Roger Shattuck


    “ALL GARDENING IS LANDSCAPE PAINTING.” The sentence is attributed to Alexander Pope, the reigning prince of 18th-century English poets. In 1719 at the age of 31, Pope moved 15 miles up the Thames from London to a riverfront property called Twickenham and resided there for his remaining 25 years. Digging an elaborate, shell-encrusted tunnel under Hampton Court Highroad, which divided his five-acre estate in two, he designed and constructed not a formal garden after Versailles but something in the new style of an English “romantic” garden. This vision of landscape can be traced variously to John

  • On Rene Magritte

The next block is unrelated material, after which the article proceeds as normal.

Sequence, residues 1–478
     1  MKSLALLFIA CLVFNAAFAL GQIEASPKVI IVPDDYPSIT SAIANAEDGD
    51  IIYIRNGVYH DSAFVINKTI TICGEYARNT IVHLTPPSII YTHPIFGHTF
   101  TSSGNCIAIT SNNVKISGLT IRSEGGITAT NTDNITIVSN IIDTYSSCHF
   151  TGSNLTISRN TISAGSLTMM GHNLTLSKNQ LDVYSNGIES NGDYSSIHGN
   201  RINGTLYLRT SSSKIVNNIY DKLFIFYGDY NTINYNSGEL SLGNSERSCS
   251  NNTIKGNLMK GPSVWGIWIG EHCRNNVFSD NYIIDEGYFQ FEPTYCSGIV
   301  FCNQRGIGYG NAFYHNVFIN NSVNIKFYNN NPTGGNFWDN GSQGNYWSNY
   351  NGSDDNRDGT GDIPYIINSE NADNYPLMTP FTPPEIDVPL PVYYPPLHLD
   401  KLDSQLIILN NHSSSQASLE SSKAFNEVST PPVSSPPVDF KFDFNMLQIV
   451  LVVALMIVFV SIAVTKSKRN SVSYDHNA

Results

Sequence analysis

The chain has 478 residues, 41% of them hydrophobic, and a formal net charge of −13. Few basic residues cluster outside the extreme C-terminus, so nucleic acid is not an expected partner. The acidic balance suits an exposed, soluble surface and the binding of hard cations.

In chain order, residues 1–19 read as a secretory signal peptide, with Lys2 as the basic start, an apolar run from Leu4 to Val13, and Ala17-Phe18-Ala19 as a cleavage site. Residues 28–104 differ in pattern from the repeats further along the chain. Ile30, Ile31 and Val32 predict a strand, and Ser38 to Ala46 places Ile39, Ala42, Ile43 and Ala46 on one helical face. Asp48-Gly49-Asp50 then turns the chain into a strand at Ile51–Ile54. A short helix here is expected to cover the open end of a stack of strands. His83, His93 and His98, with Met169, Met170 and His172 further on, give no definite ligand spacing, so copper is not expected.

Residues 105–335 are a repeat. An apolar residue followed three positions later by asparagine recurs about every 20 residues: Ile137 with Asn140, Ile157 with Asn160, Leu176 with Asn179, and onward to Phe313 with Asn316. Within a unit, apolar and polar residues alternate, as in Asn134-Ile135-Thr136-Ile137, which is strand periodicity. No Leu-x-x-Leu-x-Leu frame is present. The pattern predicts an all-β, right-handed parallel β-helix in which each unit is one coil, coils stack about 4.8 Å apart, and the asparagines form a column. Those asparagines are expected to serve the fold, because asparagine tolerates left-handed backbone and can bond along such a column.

THESE THINGS I HOLD to be self-evident: that pictures have frames: that art has a history—more than one in fact; that you can paint from a model; that things sometimes look alike; that I shall be talking about a painter named René Magritte. My theme (his theme) will be the doubts that hover in the atmosphere like old smells around any piece of self-evidence. René Magritte, the artist in dark overcoat and derby, presents credentials as a wallpaper painter, speculative semanticist, and frame-up operator. Here’s what he does. He takes the entire Western tradition of optical likeness, perfected